no third solution

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In Which I Respond to Conservatives About Immigration

June 8th, 2010

In case it gets lost in the interwebs, I participated in a discussion on FB last week. A certain Jim Deakin, a “conservative candidate” for Senate in the State of Arizona, posted a comment:

Border patrol picked up 92 illegals aliens last night in Cochise County

Somehow, Deakin made his way on to my ‘friends’ list. So, I inquired, what’s the point of this comment? The ensuing conversation between several others (including Deakin) and myself, I think is revealing of the “conservative” stance on immigration. It reveals hypocrisy and ignorance.

I made it a point to cite recent data from FactCheck.org, which suggests that immigrants (legal or not) have a net neutral or net positive impact on the economy, so they’re not the “parasites” and scofflaws that the conservatives would make them. A Joshua Hoyt was quick to point out that “FactCheck.org is a seriously biased group… that caters to ONLY the democratic/liberal point of view.” He asked for additional sources, and I obliged with one from CATO and one from Fox Business, which indicates that:

According to the [Texas] Comptrollers’ office, state and local governments spent $1.16 billion to provide services like education, health care and safety, but raised an estimated $1.58 billion in tax revenues. Based on the data, the Texas taxpayer made a $424.7 million profit on its illegal immigrant population in 2006

And further to assuage their concerns about the “criminal” aspect, I reiterated the point that they are only “illegal” because of the accident of birth — having been born on the wrong side of some figurative line in the literal sand. Needless to say, neither Hoyt or Deakin responded to either of those comments. In fact, one would be hard-pressed to assume that Deakin even read the comments, because he responded with some talking points from FAIR.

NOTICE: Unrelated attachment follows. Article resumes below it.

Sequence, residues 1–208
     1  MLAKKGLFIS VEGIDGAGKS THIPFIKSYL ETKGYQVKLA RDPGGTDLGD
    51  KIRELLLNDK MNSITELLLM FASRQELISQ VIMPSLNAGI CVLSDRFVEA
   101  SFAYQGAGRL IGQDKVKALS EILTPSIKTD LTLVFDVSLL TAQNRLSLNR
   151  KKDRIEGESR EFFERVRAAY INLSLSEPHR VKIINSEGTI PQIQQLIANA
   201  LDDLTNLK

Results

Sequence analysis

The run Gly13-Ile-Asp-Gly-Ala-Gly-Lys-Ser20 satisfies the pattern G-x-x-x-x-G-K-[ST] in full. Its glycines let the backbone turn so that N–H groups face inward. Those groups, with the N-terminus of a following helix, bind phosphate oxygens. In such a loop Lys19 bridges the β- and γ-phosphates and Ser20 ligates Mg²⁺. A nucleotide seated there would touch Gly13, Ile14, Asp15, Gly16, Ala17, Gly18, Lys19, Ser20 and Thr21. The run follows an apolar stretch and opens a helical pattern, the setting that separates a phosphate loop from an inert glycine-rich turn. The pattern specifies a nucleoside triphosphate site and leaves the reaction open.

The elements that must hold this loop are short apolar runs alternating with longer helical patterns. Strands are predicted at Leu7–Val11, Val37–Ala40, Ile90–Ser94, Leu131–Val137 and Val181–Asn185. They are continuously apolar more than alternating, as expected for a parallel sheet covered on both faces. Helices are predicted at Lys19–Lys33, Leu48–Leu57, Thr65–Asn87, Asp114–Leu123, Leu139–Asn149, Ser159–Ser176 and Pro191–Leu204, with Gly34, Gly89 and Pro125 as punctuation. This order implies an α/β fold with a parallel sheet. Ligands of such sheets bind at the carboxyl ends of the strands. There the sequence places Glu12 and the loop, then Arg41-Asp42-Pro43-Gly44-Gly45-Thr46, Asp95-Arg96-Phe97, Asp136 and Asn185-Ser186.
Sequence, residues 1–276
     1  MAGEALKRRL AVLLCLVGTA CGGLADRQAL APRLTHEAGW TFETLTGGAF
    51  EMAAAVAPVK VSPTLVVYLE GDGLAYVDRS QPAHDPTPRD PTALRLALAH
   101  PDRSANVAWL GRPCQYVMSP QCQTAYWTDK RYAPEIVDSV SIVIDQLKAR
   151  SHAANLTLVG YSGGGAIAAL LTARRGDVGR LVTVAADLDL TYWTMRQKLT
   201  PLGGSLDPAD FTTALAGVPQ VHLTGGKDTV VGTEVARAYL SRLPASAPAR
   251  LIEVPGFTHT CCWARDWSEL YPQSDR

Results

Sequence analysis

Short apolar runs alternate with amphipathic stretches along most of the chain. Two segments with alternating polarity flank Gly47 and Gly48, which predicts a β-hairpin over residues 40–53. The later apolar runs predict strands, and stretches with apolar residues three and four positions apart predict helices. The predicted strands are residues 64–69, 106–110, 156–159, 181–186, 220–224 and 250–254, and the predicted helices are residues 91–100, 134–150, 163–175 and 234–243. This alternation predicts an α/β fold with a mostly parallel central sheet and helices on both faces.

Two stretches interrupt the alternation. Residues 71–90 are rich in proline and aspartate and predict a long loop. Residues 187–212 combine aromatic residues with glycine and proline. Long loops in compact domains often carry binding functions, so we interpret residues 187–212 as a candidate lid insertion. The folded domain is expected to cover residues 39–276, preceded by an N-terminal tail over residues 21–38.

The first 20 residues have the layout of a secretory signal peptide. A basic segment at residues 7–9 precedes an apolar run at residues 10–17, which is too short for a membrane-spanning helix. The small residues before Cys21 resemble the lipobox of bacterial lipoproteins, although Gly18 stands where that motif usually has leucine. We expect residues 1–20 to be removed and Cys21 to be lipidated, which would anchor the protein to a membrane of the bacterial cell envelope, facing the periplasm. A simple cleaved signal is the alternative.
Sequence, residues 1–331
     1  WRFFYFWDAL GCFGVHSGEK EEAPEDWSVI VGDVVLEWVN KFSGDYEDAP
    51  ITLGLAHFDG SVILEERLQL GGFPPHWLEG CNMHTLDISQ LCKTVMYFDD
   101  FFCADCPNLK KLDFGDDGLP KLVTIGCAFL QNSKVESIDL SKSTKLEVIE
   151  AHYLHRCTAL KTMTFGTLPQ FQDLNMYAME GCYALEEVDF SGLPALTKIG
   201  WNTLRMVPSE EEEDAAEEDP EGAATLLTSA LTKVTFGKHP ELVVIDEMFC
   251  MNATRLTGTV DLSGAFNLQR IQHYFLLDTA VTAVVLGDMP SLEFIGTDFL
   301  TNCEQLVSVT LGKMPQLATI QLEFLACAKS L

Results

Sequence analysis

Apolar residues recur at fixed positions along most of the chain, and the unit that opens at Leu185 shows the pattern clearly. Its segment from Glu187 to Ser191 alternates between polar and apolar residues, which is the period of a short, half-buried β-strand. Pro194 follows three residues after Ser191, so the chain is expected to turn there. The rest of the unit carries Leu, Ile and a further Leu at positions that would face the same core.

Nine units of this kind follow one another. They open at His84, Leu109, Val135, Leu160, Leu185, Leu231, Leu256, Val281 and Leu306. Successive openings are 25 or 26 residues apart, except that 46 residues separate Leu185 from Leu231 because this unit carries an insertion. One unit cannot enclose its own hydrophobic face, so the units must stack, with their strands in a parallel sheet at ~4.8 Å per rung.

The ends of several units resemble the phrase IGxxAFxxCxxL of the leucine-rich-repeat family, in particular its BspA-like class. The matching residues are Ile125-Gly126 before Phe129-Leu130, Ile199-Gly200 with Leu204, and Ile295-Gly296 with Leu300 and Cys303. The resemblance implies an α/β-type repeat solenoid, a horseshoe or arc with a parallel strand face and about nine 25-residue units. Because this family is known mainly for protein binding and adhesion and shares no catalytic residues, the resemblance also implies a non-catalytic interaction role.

As turnabout is fair play, I noted that FAIR is a “biased” organization with an explicit agenda to end or drastically reduce all immigration to the U.S. If you haven’t heard about FAIR, here is some information about FAIR that you probably don’t know, but should:

FAIR is one of a dozen organizations founded by John Tanton. They vary in the extremes of their policy, but all are essentially either anti-immigrant think tanks, or anti-immigrant activist groups. All their funding comes largely from less than a dozen sources (mostly individuals). Groups like US English, American Immigration Control Foundation (AICF), Center for Immigration Reform, US Inc, NumbersUSA, the 21st Century Fund, Population-Environment Balance, and the Immigration Reform Law Institute, and even the American Patrol (Voice of Citizens Together)…

Some of FAIR’s money comes from the likes of Richard Mellon Scaife; founder of the Heritage Foundation. FAIR also has ties to the Council of Conservative Citizens (CCC) and American Renaissance. American Renaissance is the white supremacist academic conference held in Virginia until it was recently shutdown by anti-fascists… Mark Weber, a principal of the Holocaust-denying Institute for Historical Review; White power web maven, former Klansman and ex-con Don Black; Gordon Lee Baum, “chief executive officer” of the CCC; and several members of the neo-Nazi National Alliance.

Again, from the “conservatives”, nothing but silence. Hoyt took the time to quote a certain Thomas Jefferson (wildly out-of-context, I might add) which he presumably found on some conservative forum.

Yet, from such, we are to expect the greatest number of emigrants. They will bring with them the principles of the governments they leave, imbibed in their early youth; or, if able to throw them off, it will be in exchange for an unbounded licentiousness, passing, as is usual, from one extreme to another. It would be a miracle were they to stop precisely at the point of temperate liberty. These principles, with their language, they will transmit to their children. In proportion to their numbers, they will share with us the legislation. They will infuse into it their spirit, warp and bias its direction, and render it a heterogeneous, incoherent, distracted mass. I may appeal to experience, during the present contest, for a verification of these conjectures.